The Mathematical Association of America (MAA) and other organizations frequently stress the value of connecting and developing algebraic and geometric reasoning in K-16 mathematics.
For example, in the most recent Committee on the Undergraduate Program in Mathematics (CUPM) Curriculum Guide, the authors emphasize that “geometry and visualization are different ways of thinking and provide an equally important perspective … [which] complement[s] algebraic thinking … [and] remain[s] important in more advanced courses” (MAA, 2015, p. 12). Although complex analysis originated through formal extensions of real-valued algebra and analysis, discoveries of rich geometric interpretations revolutionized and extended the field. However, unlike other courses such as calculus, real analysis, and linear algebra these geometric connections are rarely highlighted in complex analysis textbooks.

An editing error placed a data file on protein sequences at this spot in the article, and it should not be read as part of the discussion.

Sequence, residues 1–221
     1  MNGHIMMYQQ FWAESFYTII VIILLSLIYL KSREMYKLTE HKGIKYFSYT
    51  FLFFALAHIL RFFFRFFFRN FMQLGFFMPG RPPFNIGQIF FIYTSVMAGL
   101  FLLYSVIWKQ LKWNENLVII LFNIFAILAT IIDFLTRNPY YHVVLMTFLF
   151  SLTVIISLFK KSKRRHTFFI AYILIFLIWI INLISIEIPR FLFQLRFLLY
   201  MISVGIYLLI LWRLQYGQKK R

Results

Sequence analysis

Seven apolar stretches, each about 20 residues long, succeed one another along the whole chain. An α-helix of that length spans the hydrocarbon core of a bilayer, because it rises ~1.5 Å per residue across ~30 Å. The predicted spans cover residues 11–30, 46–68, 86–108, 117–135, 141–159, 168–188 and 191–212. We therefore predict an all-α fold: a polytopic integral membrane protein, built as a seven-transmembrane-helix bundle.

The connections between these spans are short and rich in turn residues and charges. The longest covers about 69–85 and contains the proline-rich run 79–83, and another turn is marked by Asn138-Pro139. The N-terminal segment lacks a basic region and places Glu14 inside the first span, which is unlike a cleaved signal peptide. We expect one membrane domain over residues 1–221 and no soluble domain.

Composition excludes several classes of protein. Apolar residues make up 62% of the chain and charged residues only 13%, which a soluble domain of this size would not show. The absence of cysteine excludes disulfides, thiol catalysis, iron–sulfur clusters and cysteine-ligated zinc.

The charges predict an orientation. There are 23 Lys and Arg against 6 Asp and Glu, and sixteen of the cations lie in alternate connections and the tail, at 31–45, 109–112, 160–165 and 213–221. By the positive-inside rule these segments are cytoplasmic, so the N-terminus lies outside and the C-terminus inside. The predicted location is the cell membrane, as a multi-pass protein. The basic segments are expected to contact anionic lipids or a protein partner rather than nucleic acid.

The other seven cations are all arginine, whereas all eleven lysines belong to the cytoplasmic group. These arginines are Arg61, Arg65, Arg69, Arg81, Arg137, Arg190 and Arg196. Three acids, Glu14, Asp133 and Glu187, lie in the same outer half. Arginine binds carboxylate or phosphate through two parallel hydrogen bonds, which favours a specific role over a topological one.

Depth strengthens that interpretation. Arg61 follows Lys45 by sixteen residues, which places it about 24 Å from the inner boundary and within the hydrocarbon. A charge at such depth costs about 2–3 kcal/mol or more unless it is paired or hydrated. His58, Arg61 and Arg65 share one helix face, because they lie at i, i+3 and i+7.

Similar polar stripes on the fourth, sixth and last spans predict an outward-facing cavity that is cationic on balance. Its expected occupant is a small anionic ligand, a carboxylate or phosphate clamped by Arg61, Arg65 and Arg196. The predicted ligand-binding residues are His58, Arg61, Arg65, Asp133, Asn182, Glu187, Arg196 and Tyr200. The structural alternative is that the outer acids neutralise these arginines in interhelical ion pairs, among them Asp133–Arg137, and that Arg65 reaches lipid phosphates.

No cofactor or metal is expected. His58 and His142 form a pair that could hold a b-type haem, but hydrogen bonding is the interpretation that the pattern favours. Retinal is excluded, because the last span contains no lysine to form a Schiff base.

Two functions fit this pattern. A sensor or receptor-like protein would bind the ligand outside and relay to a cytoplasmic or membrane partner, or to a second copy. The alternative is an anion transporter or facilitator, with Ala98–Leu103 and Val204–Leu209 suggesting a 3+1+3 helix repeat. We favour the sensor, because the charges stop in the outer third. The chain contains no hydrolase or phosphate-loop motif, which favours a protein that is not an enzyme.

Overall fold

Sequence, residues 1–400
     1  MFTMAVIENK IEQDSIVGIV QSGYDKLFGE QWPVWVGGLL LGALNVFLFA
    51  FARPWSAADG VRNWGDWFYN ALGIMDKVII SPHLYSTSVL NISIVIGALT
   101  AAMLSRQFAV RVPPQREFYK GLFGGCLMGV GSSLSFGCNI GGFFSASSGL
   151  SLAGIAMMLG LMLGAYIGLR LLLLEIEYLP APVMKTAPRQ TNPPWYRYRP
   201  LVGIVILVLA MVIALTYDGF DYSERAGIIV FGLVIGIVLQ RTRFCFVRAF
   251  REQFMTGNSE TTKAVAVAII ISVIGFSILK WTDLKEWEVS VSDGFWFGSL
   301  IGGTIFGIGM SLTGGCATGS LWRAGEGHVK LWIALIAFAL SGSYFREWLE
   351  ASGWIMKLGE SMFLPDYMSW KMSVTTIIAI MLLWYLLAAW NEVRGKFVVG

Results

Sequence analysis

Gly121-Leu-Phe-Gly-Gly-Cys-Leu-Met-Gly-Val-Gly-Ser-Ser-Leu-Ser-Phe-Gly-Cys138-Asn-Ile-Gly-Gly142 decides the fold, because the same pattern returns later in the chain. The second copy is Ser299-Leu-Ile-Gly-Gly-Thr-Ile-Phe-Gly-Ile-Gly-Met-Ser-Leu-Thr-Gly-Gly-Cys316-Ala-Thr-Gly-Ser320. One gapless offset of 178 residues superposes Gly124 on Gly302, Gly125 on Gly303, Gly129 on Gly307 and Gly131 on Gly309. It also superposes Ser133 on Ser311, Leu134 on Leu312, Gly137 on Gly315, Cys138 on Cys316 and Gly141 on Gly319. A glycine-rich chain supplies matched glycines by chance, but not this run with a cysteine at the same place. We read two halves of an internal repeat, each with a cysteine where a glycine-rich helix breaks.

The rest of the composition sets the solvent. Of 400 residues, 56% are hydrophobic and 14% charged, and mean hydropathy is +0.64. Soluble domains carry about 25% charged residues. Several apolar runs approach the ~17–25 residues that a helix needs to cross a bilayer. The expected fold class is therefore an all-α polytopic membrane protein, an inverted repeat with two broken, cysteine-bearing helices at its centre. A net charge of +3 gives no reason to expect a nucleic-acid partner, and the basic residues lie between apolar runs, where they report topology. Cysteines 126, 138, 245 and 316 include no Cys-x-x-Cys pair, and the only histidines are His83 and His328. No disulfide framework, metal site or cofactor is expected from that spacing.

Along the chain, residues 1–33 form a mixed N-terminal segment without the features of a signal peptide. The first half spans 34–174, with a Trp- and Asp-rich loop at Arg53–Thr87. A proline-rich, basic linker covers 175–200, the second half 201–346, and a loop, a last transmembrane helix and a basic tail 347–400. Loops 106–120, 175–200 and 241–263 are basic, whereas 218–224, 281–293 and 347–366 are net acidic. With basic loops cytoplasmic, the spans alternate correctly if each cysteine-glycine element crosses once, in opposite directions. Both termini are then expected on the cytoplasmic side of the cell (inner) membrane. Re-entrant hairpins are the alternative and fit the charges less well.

In this presentation, I will share research related to the teaching and learning of complex analysis that that my colleagues and I have conducted over the past 10 years. Much of this research centers on how research participants can discover and develop geometric foundations of complex analysis, beginning with the product of two complex numbers and extending to differentiation and integration. Research participants include high school students, pre- and in-service teachers, undergraduate mathematics and physics majors, and mathematicians. As part of my presentation, I will offer some teaching implications.
Series: Mathematics Colloquium
Presenter: Hortensia Soto, Colorado State University